RECEIVE OUR NEWSLETTER AND ALERTS
TT
Gallery
Inside the 850-year-old king's coffin
Features
Sponsored: South-eastern Sweden offers Öland beaches and more
Gallery
Swedish underwear shop puts staff in front of the camera
Gallery
IN PICTURES: The Local's Property of the Week - Täby
Sponsored: India+Sweden Week - India Unlimited
Features
Sponsored: India+Sweden Week - A film, food, and finance feast
National
University applications rocket to record high
finest.se
Gallery
People-watching April 18-20
TT
Society
Kids in Victorian garb mark Swedish Easter
Shutterstock
National
Swedish MP ordered chemtrail probe
Society
Swedish supermarket Ica pulls contested Easter commercial off air
Kungahuset
Society
Swedish royals set baptism date for princess
finest.se
Gallery
People-watching April 16
Advertisement:
Politics
Who's the prime minister's heir?
Alfie Atkins
Society
Are children's books the key to families integrating in Sweden?
National
'Sweden Dem protests cater to party's martyr image'
National
'Swedish research grants were fantastic, but now it's like Australia'
Society
Only in Sweden: The ten problems you'd never encounter elsewhere
National
Swedes stopped to take my picture, but didn't look me in the eyes
Business & Money
A swipe of the hand replaced cash and cards in Lund
YouTube
Features
Video: Oliver Gee finds out how to embrace The Swedish Hug
TT
National
Abba duo hints at reunion
Private
National
Flash mobs hug it out across Sweden
Finest.se
Gallery
People-watching April 11-13
Stockholm School of Economics
Sponsored Article
Why a bachelor's degree is no longer enough
Latest news from The Local in Switzerland

More news from Switzerland at thelocal.ch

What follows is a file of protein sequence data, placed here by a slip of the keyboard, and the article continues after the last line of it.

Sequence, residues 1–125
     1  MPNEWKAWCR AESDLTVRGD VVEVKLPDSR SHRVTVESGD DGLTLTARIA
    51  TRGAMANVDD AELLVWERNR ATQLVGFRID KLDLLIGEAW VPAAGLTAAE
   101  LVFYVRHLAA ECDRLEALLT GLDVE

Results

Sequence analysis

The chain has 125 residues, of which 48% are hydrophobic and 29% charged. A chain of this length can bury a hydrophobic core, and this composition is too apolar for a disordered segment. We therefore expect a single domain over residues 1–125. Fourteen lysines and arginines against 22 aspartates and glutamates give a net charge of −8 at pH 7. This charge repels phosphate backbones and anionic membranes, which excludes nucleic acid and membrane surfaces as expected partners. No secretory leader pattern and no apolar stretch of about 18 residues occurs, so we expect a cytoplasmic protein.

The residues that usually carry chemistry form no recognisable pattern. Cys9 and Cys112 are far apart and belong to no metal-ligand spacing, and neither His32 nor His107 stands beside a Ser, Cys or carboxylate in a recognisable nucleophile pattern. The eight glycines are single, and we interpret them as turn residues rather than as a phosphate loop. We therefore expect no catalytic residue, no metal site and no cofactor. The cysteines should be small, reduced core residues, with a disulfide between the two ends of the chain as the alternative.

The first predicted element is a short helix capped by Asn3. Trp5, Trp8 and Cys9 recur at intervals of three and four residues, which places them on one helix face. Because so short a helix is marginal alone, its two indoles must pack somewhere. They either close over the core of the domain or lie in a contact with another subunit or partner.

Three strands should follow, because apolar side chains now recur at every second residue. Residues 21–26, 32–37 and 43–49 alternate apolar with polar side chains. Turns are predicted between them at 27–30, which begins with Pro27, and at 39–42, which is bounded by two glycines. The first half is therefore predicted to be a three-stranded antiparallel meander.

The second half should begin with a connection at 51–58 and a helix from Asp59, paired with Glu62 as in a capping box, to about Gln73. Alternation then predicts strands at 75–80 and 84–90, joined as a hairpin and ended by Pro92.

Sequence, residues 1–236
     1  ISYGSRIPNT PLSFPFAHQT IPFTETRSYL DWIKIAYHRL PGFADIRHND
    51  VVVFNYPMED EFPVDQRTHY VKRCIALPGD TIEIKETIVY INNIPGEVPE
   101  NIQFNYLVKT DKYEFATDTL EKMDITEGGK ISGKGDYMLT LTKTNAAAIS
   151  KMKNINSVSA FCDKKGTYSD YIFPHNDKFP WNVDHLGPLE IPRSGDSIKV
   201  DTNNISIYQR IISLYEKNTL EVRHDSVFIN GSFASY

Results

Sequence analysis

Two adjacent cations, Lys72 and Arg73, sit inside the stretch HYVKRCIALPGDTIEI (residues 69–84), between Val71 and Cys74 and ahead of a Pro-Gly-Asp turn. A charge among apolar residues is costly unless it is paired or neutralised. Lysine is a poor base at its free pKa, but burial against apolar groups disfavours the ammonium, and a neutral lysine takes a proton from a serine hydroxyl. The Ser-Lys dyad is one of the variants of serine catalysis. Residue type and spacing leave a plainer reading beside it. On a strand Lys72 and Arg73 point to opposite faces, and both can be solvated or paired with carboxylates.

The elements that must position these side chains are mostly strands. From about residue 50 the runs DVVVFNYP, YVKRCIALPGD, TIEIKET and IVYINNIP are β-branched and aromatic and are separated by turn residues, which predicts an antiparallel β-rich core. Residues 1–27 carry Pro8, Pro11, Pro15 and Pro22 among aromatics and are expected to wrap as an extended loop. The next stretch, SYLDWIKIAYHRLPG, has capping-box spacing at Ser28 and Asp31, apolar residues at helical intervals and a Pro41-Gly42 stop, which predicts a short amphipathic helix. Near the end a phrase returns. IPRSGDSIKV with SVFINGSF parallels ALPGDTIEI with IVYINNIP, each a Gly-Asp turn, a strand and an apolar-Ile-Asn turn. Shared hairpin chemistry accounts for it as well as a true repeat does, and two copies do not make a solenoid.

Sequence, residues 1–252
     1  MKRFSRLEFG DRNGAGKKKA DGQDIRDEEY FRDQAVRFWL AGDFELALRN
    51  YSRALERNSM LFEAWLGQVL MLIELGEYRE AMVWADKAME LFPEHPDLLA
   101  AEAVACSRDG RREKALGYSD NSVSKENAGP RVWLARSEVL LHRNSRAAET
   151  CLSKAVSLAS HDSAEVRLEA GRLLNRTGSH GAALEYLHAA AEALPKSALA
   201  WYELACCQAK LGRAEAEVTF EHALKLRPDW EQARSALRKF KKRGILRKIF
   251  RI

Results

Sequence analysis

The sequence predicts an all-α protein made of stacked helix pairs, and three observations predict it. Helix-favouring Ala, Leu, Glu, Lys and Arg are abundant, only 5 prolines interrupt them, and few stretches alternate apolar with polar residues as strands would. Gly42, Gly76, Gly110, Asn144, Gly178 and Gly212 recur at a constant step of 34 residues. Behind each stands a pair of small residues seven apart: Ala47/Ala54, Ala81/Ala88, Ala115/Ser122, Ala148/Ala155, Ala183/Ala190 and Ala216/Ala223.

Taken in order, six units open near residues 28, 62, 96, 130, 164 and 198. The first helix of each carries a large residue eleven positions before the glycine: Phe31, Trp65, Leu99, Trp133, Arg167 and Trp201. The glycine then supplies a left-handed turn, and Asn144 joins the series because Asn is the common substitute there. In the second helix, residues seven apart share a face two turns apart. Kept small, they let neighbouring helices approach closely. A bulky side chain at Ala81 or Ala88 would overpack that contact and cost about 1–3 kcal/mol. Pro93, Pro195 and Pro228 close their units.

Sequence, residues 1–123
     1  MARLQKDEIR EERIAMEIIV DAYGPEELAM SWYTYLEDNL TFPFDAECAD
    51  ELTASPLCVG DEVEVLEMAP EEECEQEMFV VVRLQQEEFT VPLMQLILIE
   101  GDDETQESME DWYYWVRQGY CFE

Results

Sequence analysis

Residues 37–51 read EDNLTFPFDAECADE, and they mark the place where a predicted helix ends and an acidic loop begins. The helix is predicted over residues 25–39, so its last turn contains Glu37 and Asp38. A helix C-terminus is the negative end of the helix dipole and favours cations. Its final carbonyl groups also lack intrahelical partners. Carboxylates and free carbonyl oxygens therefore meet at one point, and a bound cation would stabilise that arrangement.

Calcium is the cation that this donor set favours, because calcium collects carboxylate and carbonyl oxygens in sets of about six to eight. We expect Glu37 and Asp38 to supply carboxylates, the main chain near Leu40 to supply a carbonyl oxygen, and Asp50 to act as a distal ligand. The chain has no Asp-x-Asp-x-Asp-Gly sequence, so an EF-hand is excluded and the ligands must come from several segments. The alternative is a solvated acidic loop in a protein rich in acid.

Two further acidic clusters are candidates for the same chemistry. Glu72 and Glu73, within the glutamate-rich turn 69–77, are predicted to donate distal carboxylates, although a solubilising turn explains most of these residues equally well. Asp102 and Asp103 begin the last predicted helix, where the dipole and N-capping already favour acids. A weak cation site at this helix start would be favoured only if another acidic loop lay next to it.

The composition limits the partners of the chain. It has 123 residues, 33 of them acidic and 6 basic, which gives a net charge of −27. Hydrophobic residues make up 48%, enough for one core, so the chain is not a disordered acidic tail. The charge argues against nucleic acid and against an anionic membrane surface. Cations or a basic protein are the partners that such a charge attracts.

Latest news from The Local in Germany

More news from Germany at thelocal.de

Latest news from The Local in Spain

More news from Spain at thelocal.es

Latest news from The Local in France

More news from France at thelocal.fr

Latest news from The Local in Italy

More news from Italy at thelocal.it

Latest news from The Local in Norway

More news from Norway at thelocal.no

Blog Update: The Diplomatic Dispatch

28 October 15:16

The Green Growth Group Summit »

"Today on the 28 October in Brussels, a large group of key EU Ministers and business people, including UK Secretary of State for Energy and Climate Change Edward Davey, and Swedish Environment Minister Lena Ek, will meet to discuss green growth. They all have a stake in resolving a challenge which, although it is crucial..." READ »

718
jobs available
Swedish Down Town Consulting & Productions
Swedish Down Town Consulting & Productions is an innovative business company which provides valuable assistance with the Swedish Authorities, Swedish language practice and general communications. Call 073-100 47 81 or visit:
www.swedishdowntown.com